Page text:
Most cases of Multiple Sclerosis involve steady disease progression that can be controlled with treatment and a near-normal lifespan. However, in the case of Marburg Multiple Sclerosis, disease progression is rapid and often leads to significant disability levels within a short period of time. It was defined by Austrian neurologist Otto Marburg in 1906 and is an acute fulminating demyelination process that causes severe disability within months or even weeks.
This blog is a comprehensive guide on Marburg Multiple Sclerosis, its distinct characteristics, symptoms, as well as available treatment options.
Understanding Marburg Multiple Sclerosis
Multiple Sclerosis (MS) is a chronic inflammatory condition of the central nervous system. It is an autoimmune demyelinating disease, which means the immune system mistakenly attacks normal tissues — in this case, the myelin or protective covering around nerve fibers. This leaves scarred tissues or lesions in multiple areas, disrupting electrical impulses throughout the body. When the myelin sheath is damaged, nerve impulses slow down or even stop, causing neurological problems.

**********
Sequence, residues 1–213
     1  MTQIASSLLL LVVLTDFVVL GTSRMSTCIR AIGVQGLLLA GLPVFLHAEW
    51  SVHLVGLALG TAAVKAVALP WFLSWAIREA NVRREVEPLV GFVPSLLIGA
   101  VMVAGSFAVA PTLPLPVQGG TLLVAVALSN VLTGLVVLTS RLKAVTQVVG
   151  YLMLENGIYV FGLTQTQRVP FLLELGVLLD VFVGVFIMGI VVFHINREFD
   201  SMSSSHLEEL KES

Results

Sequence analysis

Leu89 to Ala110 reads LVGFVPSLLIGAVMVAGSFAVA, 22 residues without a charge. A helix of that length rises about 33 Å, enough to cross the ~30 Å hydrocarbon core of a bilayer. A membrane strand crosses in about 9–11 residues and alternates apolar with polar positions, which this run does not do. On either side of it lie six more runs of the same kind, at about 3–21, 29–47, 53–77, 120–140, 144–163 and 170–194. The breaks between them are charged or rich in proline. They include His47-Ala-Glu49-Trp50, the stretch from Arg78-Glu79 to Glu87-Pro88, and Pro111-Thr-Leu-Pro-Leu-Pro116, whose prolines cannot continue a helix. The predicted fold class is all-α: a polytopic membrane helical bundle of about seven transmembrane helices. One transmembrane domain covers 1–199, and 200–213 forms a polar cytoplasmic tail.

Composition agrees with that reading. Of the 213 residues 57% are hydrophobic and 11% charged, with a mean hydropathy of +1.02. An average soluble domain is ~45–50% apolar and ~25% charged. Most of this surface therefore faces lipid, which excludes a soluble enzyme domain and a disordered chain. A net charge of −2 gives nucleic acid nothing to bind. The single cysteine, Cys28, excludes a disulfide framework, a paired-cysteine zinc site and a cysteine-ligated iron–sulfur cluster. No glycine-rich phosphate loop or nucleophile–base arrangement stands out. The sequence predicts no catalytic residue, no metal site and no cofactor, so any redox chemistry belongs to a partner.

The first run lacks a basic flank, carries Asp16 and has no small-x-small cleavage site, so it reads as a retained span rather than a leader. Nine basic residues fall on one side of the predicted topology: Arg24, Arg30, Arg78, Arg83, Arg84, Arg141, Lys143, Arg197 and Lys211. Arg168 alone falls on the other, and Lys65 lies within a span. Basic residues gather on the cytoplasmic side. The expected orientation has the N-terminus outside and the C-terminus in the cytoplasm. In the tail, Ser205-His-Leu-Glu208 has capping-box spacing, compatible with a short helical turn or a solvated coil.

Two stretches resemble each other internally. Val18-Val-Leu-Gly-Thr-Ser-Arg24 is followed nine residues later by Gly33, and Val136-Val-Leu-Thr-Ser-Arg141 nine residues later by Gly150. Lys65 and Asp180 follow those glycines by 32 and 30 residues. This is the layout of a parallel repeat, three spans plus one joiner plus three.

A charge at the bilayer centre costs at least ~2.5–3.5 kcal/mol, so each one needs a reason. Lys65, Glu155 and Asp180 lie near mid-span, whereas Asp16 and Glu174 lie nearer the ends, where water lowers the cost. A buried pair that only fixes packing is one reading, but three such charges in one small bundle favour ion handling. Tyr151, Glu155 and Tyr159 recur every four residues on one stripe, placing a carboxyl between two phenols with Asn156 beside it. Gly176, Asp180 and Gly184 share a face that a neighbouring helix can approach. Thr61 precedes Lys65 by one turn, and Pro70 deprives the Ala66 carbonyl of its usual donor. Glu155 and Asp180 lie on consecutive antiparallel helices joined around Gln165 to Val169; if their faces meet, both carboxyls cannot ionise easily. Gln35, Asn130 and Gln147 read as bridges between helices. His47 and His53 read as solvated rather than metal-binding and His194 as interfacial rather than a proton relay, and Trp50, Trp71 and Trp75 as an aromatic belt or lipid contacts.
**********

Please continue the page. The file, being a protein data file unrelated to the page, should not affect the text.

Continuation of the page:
Marburg MS is a type of malignant MS, in which disease progression is much faster than normal. These cases only affect about 5% of patients, but can have lethal outcomes. It has the following distinct features:
Symptoms appear suddenly and progress rapidly, distinguishing Marburg Type MS from more indolent forms of multiple sclerosis.
Imaging studies often reveal widespread demyelination affecting large areas of the brain and spinal cord.
Marburg MS Symptoms
Marburg MS occurs mostly in young adults. For the most part, Marburg MS involves the same MS symptoms as usual, only presenting much faster and more severely. This is because the demyelination occurs much more aggressively and causes marked tissue destruction and even necrosis.
Understanding the specific symptoms associated with Marburg MS is crucial for early detection and intervention. The hallmark symptoms include:
- Difficulty speaking
- Visual disturbances, including blindness
- Severe headaches
Over a period of time, patients may report a spike in symptoms like:
- Weakness in the extremities
- Impaired balance and coordination
- Bladder / bowel problems